Plagiarism 101

Illustration for Cheating
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There’s a little bit of buzz on a local Facebook theatre network right now about plagiarism – always a dirty word whether in academic or any other circles, really.

What constitutes general or ‘public domain’ knowledge or usage in a writer’s work is sometimes tricky to determine, especially when a genuinely-original phrase starts appearing all over the place as part of the vernacular. Remember the one, ‘inland tsunami’ with reference to the recent Toowoomba disaster? I do, and I recall clearly the first time I heard it – in a media interview with Police Commissioner Bob Atkinson on the day. But did he originate it?  Like anthropologists, linguists love the game of tracking back to origins. As to claiming ownership of language, well this can be taken to stupid lengths when big corporations try to copyright a phrase or a word. However …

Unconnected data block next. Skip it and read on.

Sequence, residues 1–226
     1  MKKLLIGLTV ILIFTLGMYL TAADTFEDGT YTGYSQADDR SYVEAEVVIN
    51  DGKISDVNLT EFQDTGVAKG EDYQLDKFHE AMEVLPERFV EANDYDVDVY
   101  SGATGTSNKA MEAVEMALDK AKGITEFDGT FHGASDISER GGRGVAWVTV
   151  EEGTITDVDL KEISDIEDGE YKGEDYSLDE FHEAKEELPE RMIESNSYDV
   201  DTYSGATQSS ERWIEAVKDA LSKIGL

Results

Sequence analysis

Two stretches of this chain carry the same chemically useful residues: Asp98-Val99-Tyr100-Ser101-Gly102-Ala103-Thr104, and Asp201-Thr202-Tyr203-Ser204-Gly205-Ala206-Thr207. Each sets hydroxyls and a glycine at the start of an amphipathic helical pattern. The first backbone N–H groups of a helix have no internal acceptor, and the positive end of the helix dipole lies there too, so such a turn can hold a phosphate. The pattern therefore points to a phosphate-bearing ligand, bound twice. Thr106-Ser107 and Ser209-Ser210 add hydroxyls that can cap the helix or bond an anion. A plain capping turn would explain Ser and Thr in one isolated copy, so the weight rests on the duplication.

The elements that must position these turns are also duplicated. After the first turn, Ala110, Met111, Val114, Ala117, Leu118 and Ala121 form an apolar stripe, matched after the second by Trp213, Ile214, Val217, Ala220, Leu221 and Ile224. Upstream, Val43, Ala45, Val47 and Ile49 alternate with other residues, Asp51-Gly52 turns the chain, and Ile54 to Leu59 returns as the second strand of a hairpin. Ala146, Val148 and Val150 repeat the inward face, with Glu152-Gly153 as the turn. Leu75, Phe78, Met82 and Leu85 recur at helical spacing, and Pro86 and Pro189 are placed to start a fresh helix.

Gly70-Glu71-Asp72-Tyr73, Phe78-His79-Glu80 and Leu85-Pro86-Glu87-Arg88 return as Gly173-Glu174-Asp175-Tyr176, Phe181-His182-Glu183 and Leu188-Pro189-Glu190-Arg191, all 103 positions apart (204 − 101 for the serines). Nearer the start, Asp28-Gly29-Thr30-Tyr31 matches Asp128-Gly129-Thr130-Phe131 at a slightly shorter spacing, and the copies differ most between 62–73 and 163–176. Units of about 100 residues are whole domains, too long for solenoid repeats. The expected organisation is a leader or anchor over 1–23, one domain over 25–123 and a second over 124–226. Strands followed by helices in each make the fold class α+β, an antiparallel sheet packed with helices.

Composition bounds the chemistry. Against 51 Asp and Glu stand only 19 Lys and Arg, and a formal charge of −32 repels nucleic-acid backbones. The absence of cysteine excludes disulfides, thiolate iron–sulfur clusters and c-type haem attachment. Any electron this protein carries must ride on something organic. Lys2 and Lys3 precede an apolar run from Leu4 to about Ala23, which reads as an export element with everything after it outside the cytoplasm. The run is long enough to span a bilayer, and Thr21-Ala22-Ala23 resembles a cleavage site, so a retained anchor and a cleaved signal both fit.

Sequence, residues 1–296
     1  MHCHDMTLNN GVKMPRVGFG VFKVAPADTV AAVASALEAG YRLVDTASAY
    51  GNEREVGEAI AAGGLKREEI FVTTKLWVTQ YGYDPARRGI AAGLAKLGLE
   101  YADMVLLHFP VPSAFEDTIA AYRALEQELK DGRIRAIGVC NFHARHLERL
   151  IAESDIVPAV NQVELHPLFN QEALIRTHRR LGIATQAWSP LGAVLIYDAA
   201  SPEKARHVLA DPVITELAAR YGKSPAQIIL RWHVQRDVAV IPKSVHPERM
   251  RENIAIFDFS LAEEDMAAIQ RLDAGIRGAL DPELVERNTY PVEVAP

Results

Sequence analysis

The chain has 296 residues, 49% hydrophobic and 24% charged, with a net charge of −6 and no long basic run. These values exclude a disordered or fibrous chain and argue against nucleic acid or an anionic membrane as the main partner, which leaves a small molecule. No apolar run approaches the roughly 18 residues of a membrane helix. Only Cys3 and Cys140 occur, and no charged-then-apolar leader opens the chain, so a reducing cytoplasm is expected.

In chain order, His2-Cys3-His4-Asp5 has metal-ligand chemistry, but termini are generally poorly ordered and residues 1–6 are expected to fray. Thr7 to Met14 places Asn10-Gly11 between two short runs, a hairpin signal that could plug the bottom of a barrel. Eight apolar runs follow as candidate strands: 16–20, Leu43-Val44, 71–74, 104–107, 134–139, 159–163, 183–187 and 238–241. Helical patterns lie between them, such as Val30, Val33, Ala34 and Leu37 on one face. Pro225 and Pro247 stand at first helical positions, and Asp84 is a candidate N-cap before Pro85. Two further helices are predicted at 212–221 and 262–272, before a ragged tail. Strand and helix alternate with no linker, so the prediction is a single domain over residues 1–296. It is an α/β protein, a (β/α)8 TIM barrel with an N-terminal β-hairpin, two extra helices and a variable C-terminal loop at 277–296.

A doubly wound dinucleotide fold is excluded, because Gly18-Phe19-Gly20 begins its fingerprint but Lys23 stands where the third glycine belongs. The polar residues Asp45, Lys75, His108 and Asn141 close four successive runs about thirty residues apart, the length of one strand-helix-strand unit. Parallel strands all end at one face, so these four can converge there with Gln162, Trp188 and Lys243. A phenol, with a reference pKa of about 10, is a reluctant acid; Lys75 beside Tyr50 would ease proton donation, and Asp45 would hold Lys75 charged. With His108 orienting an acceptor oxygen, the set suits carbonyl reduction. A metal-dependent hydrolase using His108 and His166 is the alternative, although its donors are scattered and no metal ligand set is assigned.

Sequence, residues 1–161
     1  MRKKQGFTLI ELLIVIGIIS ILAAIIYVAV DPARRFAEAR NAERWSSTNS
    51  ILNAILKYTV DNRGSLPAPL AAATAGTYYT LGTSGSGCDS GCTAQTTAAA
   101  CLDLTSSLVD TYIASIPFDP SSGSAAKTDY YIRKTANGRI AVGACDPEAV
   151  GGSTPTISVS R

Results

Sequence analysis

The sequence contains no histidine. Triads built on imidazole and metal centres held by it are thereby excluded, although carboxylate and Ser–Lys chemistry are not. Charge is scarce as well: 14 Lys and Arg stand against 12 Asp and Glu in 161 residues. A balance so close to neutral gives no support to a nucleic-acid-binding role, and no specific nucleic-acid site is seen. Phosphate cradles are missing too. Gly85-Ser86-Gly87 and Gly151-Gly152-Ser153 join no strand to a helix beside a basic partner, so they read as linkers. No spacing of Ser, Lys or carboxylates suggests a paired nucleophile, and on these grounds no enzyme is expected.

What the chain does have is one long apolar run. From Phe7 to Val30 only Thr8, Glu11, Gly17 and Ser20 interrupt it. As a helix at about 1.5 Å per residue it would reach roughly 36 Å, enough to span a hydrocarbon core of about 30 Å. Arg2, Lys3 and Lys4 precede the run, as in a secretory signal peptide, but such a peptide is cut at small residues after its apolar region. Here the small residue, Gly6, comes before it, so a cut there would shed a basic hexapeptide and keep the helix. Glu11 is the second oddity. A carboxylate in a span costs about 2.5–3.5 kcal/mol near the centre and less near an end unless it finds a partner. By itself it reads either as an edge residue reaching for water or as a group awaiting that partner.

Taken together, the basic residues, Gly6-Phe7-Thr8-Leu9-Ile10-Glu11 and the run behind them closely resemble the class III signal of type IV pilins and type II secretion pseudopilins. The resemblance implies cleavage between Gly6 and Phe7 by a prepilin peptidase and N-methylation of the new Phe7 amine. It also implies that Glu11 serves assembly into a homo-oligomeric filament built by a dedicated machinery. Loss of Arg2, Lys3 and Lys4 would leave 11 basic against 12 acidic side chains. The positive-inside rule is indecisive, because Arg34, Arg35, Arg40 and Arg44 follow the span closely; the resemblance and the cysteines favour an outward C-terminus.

There are other times when it is blindingly clear that not just a random collection of words but a specific idea expressed in a phrase has been lifted and used by another as their own – as happened a week or so ago when an extract from one of Greenroom’s posts was taken and used on another site without attribution.  No names, no pack-drill at this stage, but we will be keeping an eye out for any repeats. By the way, we were not the only ones who noticed this bit of pilfering. I know I was robbed because the phrase in question really was created by me to make a particular point in the article. I remember thinking at the time that it was rather clever; obviously the other reviewer did too!  Now, as far as that other reviewer was concerned it would have been so easy to attribute the quote with a hotlink back to our site (a bit of link love) or in some other way, but it didn’t happen. So, what do I concur from that reviewer and that site: bad manners, questionable ethics and plagiarism aka intellectual dishonesty.

Come on fellow theatre writers, play fair! And, if you run a website, appoint an editor and ask your reviewers to sign off on their work as original before publishing. We’re all in this together.

And disclaimers, if required, are a sign of professional practice. That is all.